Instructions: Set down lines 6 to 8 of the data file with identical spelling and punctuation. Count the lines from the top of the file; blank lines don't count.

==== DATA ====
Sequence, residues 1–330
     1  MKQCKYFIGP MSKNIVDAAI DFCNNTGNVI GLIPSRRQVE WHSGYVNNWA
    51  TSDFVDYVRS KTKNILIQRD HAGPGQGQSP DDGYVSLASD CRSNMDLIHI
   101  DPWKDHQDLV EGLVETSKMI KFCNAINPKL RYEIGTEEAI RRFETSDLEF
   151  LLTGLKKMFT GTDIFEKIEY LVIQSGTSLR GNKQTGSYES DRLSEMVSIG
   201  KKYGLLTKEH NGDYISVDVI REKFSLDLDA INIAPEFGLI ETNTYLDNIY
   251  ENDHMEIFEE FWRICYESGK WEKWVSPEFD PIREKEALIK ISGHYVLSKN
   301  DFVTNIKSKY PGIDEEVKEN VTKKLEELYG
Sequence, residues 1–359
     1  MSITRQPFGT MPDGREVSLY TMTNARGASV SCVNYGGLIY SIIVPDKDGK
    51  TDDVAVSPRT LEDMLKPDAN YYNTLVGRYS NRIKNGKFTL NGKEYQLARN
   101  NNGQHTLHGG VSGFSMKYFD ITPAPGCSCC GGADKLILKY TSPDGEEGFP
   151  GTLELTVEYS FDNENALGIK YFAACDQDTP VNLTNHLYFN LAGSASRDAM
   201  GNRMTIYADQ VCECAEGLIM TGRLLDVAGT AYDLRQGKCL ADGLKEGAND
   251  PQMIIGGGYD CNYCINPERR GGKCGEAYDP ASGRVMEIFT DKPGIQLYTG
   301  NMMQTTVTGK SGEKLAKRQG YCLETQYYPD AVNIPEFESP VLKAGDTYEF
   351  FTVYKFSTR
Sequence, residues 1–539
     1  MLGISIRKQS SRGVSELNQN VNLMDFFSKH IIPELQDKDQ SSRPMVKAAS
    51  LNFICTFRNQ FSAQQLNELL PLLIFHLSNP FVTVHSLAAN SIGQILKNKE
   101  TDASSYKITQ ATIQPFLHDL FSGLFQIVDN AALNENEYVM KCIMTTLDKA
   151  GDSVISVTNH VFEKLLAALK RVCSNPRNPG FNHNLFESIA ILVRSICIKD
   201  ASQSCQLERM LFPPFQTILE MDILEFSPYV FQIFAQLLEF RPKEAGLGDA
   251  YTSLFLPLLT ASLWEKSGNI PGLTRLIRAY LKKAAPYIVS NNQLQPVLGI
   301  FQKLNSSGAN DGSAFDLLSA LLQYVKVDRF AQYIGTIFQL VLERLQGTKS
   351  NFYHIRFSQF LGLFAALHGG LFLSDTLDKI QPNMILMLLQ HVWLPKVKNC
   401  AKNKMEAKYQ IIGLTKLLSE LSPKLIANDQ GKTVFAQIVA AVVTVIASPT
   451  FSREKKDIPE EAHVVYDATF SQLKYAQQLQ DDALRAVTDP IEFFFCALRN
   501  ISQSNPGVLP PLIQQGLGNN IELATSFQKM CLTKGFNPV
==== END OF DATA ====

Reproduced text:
   201  KKYGLLTKEH NGDYISVDVI REKFSLDLDA INIAPEFGLI ETNTYLDNIY
   251  ENDHMEIFEE FWRICYESGK WEKWVSPEFD PIREKEALIK ISGHYVLSKN
   301  DFVTNIKSKY PGIDEEVKEN VTKKLEELYG